Brown Rice Reduces Diabetes Risk

Researchers at Harvard Medical School report that replacing 50 grams of white rice daily with the same amount of brown rice lowers the risk of type 2 diabetes by 16 percent, and replacing the same amount of white rice with whole barley or wheat lowers diabetes risk by 36 percent (Archives of Internal Medicine, published online June 14, 2010). Those who ate five or more servings of white rice per week were 17 percent more likely to become diabetic than those who ate less than one serving per month. Those who ate two or more servings of brown rice per week were 11 percent less likely to develop type 2 diabetes than those eating less than one serving of brown rice per month.

White rice causes a much higher rise in blood sugar than brown rice does. The higher the rise in blood sugar, the more insulin is released by the pancreas. Excessive insulin production can eventually stop the pancreas from making insulin which increases risk for diabetes. A high rise in blood sugar also causes sugar to stick to the surface membranes of cells. Once stuck on a cell, sugar cannot get off and is eventually converted by a series of chemical reactions to sorbitol that destroys the cell to cause all the side effects of diabetes: heart attacks, strokes, blindness, deafness, kidney damage and so forth.

White rice is "refined" by removing the bran and germ portions of brown rice, which removes fiber, vitamins, magnesium and other minerals, lignans, phytoestrogens, and phytic acid. All of these nutrients may help to prevent diabetes.

All whole grains are seeds of grasses which have a thick outer capsule that requires extensive cooking to make them palatable. Removing the outer coating or grinding whole grains into flour makes the sugars readily available for rapid absorption and higher rises in blood sugar levels. More on whole grains

Skin Cancers Linked to Human Papilloma Wart Virus (HPV)

Recent research shows that both squamous cell skin cancers and actinic keratoses (pre-cancers) are caused by a combination of ultra-violet light exposure and infection with HPV, the Human Papilloma wart virus (Expert Review of Dermatology, April 2010). Some types of HPV are already known to cause cervical, head and neck cancers.

Most, if not all, actinic keratosis cells are infected with HPV (New England Journal of Medicine, May 15, 2003). Dr. Eggert Stockfleth, of the Charité Hospital in Berlin, found specific types of HPV (21, 5, 8, 16 and 18) that convert normal skin to the pre-cancerous actinic keratoses, which may then progress to become squamous cell carcinomas (Disease Markers, April 2007). To block this process before it begins, Dr. Stockfleth and his team are now developing an HPV-specific vaccine designed for the prevention of these skin cancers.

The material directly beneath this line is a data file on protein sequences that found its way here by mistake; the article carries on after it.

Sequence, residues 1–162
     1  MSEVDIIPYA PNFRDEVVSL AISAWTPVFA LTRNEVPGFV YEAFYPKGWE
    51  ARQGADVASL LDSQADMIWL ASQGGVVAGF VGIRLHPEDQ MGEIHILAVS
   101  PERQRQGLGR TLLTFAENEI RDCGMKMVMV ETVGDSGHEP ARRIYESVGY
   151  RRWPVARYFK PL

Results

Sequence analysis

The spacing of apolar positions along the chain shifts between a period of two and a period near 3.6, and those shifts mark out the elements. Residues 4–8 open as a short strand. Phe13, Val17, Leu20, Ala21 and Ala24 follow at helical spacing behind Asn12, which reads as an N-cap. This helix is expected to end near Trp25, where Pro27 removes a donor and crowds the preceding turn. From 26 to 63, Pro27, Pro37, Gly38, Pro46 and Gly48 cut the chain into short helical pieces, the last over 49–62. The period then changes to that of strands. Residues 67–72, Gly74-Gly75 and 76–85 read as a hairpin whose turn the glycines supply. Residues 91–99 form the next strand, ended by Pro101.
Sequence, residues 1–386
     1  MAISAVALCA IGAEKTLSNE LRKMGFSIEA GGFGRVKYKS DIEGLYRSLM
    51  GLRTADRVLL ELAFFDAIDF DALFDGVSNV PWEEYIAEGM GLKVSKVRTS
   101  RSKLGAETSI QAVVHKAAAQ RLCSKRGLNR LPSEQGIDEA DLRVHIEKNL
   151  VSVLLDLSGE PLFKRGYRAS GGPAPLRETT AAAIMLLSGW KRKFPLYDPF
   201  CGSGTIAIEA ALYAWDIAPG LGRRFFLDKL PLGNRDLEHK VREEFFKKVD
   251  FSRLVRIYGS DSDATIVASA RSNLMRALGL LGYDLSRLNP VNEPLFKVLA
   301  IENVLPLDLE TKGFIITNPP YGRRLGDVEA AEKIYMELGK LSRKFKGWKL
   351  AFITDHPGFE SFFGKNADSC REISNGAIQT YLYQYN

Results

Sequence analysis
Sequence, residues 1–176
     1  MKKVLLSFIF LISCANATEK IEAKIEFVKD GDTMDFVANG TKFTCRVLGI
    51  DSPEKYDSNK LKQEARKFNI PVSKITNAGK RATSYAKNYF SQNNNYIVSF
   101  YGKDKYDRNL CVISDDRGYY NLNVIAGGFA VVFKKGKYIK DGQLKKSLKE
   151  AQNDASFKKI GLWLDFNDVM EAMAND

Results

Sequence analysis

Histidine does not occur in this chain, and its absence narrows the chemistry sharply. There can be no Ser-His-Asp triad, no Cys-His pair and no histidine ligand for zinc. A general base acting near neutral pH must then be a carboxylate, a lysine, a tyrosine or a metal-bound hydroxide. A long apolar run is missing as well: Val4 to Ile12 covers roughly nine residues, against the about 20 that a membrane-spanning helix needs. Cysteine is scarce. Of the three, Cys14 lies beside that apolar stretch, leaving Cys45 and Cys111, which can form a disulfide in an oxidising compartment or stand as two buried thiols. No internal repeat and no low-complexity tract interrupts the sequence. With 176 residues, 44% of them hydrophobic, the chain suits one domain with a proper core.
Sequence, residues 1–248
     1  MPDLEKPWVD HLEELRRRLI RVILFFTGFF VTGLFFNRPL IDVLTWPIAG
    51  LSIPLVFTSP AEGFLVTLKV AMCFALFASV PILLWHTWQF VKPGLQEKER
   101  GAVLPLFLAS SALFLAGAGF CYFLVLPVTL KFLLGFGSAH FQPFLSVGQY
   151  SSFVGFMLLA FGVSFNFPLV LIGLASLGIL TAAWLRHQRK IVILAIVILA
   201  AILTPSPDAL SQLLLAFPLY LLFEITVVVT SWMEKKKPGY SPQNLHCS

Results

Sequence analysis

Chronic exposure to ultraviolet light damages DNA in skin cells. Your immunity tries to repair this damage, but the Human Papilloma wart viruses can prevent your immunity from repairing the DNA. Most of the time when your DNA is damaged, the cells die because they have a programmable cell death called apoptosis. However, the HPV virus prevents DNA from healing and also prevents the programmable cell death that would have removed the damaged cells (Cancer Detection and Prevention, June 2001). Then you develop scaly areas and bumps on your skin called actinic keratoses. With further exposure to sunlight, HPV causes these damaged cells that do not die to develop into squamous cell skin cancers that can spread through your body.

I think that the most effective treatment for actinic keratoses is to use a generic version of imiquimod cream (brand name Aldara) that can cost less than $200 for 36 doses. It enhances your immunity so it can better kill the Human Papilloma wart Virus (HPV). It is applied twice a week for 16 weeks, left on the skin for about eight hours and then washed off. Current treatment by most dermatologists is to destroy the lesions with liquid nitrogen or electrocautery. Surgery is rarely needed for actinic keratoses. However, once an actinic keratosis becomes a squamous cell carcinoma, surgeons usually remove the entire cancer. A pathologist usually checks the removed tissue to see that there is a 360-degree margin of non-cancerous skin around the removed cancer.

Protein After, Not During, Exercise

High-protein meals eaten immediately after hard exercise have been shown to help athletes recover faster, but the data that taking protein during exercise improves an athlete's performance is extremely weak.

Researchers from the University of Birmingham, UK, showed that adding protein (19g/hour) to a sugared drink does not improve one-hour cycling time trial, maximum power; or post exercise isometric strength, muscle damage (CPK) or muscle soreness (Medicine & Science in Sports & Exercise, June 2010). Protein also does not help athletes cycle faster in a 50-mile time trial (Medicine & Science in Sports & Exercise, August 2006). Most studies showing that adding protein to a carbohydrate drink improves performance were in people working at a fixed rate of effort over a long time, rather than using spurts of energy as athletes do in competition.

Just about everyone agrees that taking in a carbohydrate drink helps improve performances in athletic events lasting more than an hour. In events lasting more than three hours, you also need salt. Calories come from carbohydrates, fats, and proteins. During highly-intense exercise, your muscles use carbohydrates far more efficiently than proteins or fats. So carbohydrates are the calorie source of choice during intense exercise.